Precision engineering for Conical Thrill

Cequent project manager Nick Radburnd says the installation of the 13.5 m Conical Thrill, which arrived onsite in more than 150 pieces, was equally challenging. “The slide was designed out of Canada and the fibreglass sections manufactured and shipped to site from the Philippines. While the team from WhiteWater West was putting the slide together, O’Brien Construction was tasked with building the infrastructure that would support it.”

Peter O’Brien says the job required precision. “Conical Thrill sits on four big columns, the tallest of which is 12 m high. The foundations underneath are extensive. The key thing was ensuring that when each of the columns was craned into place, it was perfectly positioned. We couldn’t risk the slide, which twists and turns, not fitting, so we used a surveyor to ensure accuracy down to the millimetre. It was very technical work.”

Students from Leithfield School testing Conical Thrill – the class won a competition to become the slide’s first official riders

The construction team also had to extend the complex’s existing hydroslide tower by 3 m. “That meant we had to close the tower’s top levels at different times and work with the pools’ management team to ensure it was open for peak times, including the July school holidays. It was all about collaboration.”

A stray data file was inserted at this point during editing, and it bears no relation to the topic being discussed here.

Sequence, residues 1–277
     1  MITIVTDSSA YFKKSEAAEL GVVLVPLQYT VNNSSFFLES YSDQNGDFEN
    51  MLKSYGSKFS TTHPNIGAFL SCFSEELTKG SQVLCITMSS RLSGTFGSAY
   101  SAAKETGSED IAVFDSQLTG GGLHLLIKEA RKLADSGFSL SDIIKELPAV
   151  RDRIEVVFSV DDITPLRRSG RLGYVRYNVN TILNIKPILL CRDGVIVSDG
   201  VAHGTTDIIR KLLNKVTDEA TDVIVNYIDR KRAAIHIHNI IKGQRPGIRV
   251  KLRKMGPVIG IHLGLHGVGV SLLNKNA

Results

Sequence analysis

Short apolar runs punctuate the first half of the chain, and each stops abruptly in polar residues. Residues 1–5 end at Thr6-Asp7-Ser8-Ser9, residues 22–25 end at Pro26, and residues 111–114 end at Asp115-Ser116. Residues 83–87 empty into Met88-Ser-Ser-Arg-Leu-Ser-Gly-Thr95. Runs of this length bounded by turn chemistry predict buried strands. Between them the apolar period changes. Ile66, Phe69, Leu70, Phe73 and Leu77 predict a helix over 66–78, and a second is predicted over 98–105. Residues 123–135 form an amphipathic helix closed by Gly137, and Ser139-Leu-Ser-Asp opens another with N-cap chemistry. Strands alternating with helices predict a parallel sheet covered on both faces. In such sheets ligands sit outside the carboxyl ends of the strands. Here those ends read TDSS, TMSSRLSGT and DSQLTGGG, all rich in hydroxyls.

Graeme Abbot says thankfully the expertise of all involved meant the job was completed without a hitch. “The excitement certainly grew as the slide came together, and it created enormous interest among our visitors. Once it was completed, we then had to do the fun part – extensively testing it.”

A successful end

Anyone who saw the Leithfield School class – that won a competition to become the slide’s first official riders on opening day – will know from the excited faces that the testing was successful. For Graeme Abbot, that day signalled a successful end to three years of hard work.

“It was magic and the weeks since have been equally so. Our visitors are absolutely loving the rush of Conical Thrill, but also the tranquillity of soaking in our famous mineral-filled waters amid the sound of rushing waters in The Cascades. We are very proud of both these additions. I regularly look at them and think, ‘Wow – how lucky are we?’ We know they will delight visitors for many years to come.”